Since then, these recommendations have been updated whenever more detailed knowledge of the COVID-19 infection was obtained. To date, the transmission potential of this virus through organ transplantation is unknown. Therefore, the guidelines being issued are based on the principle of maximum precaution:

  • Organ donation is rejected in cases of individuals with COVID-19 or with symptoms compatible with the infection.
  • In persons who have recovered from COVID-19 infection, organ donation requires a minimum of 21 days from the last sign of symptoms and completion of the treatment, with two negative microbiological tests at least 24 hours apart.
  • Screening is performed in all other cases using a PCR test. If the result is positive or non-conclusive, organ donation is also rejected.
  • Similarly, tests are performed on potential transplant recipients to check for any infection by the new coronavirus immediately prior to surgery.
  • Given the mobility restrictions on healthcare teams between centres, organ extraction by local teams has been encouraged to avoid travel by professionals from other centres of regions of Spain.
Spain has performed 274 organ transplants during COVID-19.

A plan to resume the organ donation and transplantation programme

The ONT and Regional Transplant Coordination Authorities have drawn up a “post-COVID” plan to resume pre-healthcare crisis levels of activity as soon as possible while continuing to guarantee safety for living donors, organ transplant recipients and the healthcare professionals involved in this activity.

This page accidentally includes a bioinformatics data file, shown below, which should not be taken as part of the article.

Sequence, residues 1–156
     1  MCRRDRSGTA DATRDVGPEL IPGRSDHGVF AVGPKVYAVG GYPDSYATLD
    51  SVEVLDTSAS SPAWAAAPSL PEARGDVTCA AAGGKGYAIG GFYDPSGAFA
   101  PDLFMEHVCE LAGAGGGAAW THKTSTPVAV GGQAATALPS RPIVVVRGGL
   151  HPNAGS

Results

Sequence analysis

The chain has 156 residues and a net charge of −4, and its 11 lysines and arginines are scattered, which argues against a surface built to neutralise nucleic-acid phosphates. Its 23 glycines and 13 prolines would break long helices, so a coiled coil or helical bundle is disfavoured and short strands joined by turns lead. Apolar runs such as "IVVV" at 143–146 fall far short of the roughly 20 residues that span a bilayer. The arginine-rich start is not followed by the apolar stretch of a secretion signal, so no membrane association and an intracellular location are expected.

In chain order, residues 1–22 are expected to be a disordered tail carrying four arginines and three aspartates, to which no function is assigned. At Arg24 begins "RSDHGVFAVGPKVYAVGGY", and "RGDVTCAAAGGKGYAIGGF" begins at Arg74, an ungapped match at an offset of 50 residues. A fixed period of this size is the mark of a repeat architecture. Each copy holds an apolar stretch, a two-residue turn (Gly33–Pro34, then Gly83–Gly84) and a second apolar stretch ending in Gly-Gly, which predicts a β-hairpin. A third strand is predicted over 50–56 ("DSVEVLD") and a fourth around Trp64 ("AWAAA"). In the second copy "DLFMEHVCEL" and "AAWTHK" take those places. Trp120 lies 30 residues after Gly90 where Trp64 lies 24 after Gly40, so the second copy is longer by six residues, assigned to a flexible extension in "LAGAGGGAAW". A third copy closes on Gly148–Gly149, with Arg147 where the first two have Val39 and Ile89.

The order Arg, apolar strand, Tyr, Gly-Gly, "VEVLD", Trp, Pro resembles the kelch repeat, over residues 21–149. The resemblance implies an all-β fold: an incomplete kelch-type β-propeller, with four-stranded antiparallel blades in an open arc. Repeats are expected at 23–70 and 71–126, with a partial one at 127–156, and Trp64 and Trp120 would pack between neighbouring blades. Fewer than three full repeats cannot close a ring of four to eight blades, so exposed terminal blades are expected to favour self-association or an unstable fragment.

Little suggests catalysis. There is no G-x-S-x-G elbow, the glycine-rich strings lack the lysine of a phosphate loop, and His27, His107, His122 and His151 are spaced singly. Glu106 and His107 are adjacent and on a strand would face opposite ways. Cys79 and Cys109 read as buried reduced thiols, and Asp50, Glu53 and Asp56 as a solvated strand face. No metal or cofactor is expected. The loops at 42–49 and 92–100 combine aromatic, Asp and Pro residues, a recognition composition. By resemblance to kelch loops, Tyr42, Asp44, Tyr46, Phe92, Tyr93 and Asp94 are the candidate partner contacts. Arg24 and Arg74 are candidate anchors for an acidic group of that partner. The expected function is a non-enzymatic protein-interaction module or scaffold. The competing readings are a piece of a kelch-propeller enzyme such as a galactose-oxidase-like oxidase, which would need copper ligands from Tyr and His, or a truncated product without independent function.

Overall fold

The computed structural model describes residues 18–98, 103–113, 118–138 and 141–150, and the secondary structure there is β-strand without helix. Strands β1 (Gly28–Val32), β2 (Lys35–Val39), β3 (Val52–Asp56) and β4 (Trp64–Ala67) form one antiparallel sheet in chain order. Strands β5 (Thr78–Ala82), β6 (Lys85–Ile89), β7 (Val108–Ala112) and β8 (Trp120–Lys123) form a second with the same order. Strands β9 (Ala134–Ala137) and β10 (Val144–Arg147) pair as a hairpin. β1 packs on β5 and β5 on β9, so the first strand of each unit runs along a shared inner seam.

This plan is already producing its first results. The plan provides for a steady resumption of organ donation and transplantation programmes, reactivating (non-urgent) selection procedures – given that they have been launched in many regions – and living donor transplants.

Each centre is doing this on an individual basis depending on its epidemiological situation, although the critical point is the existence of COVID-19-free circuits. The plan also includes ongoing adaptation of protocols to knowledge of the disease and a commitment to researching the impact of the new coronavirus in transplant recipients. Strengthening and recognising the coordination and transplant network and committing to its ongoing training are fundamental pillars for dealing with the “post-COVID” era.

Over recent weeks, the national organ donation and transplantation programme has once again shown itself to be a fine example of cohesion and cooperation between different regions of Spain within the national health system.

All the professionals and entities from different sectors involved in this process have joined forces to enable organ transplants for the patients most in need of one regardless of where they are in Spain.
Finally, the ONT thanks organ donors and their families for their enormous generosity, as well as all the social sectors whose support helps to save lives through organ transplantation.

Special procedure for international bone marrow transportation